This year spring has come early, or maybe it’s summer. Should we try to plant lettuce, or will it bolt too soon? Should we simply wait until fall’s cooler temperatures for the plants we would normally plant in spring? Those warm days are being followed by frost warnings. The magnolia blooms are just daring Jack Frost to turn their pretty pink to brown. So far we’ve been lucky indeed.

The greenhouse has been open wide nearly every day since the brassica seedlings were put in, and some days they had to sit out in the shade, because the greenhouse was just too hot for the early vegetables. My father is wisely restraining himself from starting his tomato seedlings, but I finally succumbed. I even bought seed for a slightly longer season watermelon. I know, I know, an early start doesn’t mean winter won’t sneak up on us early as well, but to be a gardener is to be optimistic. How else could we believe that despite the hungry crowd waiting in the wings to take our place at the table, we’ll be the ones to reap what we’ve sown?

This year I’m finally trying to grow a dry bean I had given up on. It takes a longer season to mature than we have here, so hope has been hard to find. The seed is eight years old, quite geriatric for bean seed, but it won’t get better for waiting so this is the year. My expectations are low, but a germ of hope remains. What can I say? I’m a gardener.


Hellebore: looking up

Posted in gardening, horticulture on March 23, 2012 by planthoarder

Hellebore are subtle beauties. You might not notice them next to a daylily or a rose, but their eagerness to bloom when we’re so desperate for a bit of color is endearing. I’ve heard ‘Ivory Prince’ tends to bloom a bit more upright than the common Lenten rose, but mine are just seedlings offered by a friend. It’s been such an odd spring, feeling more like summer here, that I almost expect to see a rose in bloom, but here’s my little Lenten rose doing a little trick for me by blooming upright. It’s nothing to get excited about, not some breakthrough genetics that will lead to a new generation of upward blooming hellebore. You can see the flower next to it blooming in the normal way, but this up-facing flower sure brings a smile to my heart. This odd spring will come and go. Thanks to the magic of photography, I can keep this cute little devil forever.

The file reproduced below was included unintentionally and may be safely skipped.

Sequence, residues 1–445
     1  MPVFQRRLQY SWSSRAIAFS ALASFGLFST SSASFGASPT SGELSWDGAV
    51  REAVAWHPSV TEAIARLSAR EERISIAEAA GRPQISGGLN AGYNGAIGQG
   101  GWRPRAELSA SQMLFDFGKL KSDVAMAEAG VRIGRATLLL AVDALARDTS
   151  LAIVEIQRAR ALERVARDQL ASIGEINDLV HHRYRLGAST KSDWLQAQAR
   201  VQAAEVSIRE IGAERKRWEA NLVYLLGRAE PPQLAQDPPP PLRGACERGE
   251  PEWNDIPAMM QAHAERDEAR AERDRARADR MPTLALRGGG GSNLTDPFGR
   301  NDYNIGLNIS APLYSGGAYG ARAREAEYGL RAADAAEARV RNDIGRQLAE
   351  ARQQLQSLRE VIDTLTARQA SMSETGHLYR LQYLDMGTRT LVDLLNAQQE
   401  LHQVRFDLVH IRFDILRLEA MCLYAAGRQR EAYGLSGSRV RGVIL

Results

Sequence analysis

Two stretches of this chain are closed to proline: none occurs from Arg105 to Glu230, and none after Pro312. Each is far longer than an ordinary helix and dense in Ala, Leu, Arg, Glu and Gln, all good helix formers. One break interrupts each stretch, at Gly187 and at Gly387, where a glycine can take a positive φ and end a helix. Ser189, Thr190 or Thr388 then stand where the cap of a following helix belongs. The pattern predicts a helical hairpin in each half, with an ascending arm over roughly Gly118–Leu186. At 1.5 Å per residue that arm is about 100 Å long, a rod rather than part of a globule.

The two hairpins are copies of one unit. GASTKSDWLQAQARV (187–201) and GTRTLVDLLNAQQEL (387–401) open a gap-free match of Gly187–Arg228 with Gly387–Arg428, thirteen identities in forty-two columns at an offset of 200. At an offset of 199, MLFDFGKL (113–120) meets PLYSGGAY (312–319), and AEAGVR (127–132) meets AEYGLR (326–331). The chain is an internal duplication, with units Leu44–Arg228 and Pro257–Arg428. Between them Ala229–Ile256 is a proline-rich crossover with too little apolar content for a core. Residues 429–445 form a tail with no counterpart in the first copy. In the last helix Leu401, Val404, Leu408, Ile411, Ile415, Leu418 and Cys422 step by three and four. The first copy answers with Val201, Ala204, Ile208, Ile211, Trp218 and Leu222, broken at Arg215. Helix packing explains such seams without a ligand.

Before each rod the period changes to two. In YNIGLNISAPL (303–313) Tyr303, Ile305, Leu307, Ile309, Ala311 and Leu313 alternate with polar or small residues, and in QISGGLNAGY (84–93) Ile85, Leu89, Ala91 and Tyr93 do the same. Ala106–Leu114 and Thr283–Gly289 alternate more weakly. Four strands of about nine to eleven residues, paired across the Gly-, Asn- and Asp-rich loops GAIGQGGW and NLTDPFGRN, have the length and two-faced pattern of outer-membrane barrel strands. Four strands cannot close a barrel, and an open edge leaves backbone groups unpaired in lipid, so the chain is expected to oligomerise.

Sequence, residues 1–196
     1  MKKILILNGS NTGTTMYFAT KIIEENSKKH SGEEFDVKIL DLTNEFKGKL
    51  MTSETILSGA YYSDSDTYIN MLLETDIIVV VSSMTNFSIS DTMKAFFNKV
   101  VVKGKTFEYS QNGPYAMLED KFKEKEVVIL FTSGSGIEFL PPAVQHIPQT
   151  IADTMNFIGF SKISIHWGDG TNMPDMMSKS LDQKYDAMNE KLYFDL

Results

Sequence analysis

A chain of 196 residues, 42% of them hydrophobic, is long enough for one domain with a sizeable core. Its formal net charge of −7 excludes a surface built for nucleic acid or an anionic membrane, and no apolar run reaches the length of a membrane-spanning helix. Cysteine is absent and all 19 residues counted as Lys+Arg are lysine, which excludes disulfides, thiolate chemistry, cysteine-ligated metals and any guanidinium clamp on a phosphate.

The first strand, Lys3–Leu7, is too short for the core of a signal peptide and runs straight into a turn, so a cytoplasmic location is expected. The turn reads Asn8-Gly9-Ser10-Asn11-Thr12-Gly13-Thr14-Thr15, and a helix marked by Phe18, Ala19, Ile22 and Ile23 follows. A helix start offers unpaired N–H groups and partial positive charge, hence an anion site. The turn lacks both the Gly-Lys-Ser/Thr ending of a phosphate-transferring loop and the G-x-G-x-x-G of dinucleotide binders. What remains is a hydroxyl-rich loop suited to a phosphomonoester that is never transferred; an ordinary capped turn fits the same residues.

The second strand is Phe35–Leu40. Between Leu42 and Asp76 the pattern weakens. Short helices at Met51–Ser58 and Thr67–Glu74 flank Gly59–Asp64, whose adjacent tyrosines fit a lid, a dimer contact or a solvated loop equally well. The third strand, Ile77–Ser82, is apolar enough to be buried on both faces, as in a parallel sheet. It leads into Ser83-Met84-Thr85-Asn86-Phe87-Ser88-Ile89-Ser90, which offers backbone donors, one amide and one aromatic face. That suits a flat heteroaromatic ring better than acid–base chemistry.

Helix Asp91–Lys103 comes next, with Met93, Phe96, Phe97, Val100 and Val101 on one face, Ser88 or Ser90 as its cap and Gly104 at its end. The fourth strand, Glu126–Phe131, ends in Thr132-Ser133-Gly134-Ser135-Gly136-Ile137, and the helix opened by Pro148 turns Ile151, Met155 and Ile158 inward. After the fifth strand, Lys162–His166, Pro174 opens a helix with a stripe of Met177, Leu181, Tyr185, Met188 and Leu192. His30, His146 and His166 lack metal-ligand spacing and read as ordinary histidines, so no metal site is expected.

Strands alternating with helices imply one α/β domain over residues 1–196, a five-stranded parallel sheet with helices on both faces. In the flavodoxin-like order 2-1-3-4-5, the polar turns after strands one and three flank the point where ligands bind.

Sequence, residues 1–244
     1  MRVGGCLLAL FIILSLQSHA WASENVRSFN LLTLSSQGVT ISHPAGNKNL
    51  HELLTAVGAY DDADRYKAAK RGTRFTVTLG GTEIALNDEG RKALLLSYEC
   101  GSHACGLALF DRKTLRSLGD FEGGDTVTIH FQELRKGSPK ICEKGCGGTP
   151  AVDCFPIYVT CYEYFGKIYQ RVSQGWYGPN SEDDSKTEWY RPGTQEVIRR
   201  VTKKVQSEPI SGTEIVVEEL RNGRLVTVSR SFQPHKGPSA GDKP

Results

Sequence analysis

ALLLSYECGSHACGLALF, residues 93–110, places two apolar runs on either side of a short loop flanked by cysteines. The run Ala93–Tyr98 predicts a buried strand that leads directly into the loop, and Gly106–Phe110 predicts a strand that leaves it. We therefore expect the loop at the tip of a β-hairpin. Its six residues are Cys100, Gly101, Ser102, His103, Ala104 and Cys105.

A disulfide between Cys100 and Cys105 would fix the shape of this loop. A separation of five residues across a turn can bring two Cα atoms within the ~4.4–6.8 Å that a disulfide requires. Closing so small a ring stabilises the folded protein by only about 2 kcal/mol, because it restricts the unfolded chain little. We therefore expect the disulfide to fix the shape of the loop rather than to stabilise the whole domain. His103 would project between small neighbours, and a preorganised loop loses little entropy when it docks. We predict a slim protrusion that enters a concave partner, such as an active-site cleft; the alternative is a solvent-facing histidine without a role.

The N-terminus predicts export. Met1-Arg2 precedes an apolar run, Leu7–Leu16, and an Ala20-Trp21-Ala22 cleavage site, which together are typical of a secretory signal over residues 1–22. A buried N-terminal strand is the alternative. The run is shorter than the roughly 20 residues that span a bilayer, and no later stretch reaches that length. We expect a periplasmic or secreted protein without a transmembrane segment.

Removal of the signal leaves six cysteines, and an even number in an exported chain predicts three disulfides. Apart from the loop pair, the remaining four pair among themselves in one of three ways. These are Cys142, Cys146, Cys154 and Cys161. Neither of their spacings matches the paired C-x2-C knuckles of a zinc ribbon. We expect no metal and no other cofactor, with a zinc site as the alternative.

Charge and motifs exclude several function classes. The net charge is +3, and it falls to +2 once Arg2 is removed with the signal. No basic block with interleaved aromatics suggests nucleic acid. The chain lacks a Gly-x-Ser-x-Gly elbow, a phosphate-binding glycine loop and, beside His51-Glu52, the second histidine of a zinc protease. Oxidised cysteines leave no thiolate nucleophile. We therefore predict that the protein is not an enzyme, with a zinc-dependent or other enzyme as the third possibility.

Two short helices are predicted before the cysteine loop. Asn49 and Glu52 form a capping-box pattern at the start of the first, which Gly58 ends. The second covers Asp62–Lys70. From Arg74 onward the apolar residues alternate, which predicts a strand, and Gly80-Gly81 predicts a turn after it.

Stowaway: Scilla

Posted in gardening with tags , , , on March 22, 2012 by planthoarder

Not every hitchhiker is as fearsome as Scotch thistle. Here’s another that looks delicate and absolutely innocent, but it sneaked into my garden with a thought to lawn domination.  For a lawn lover, it could be detestable because once there it’s nearly impossible to root all of it out. Broadleaved herbicides won’t do it in. If I had lawn loving neighbors, I might think twice before letting it spread. For me, it’s early, it’s blue, and so, it’s irresistible. My lawn lover knows that my lawn will never be a lush green carpet devoid of flowers so long as I’m tending it, so the scilla will join the violets, clover, and yes, I’ll admit it, the dandelions. The scilla  reminds me to start thinking about an order for early bulbs; the earlier the better. Should I plant them into the lawn? Hmm, better not press my luck.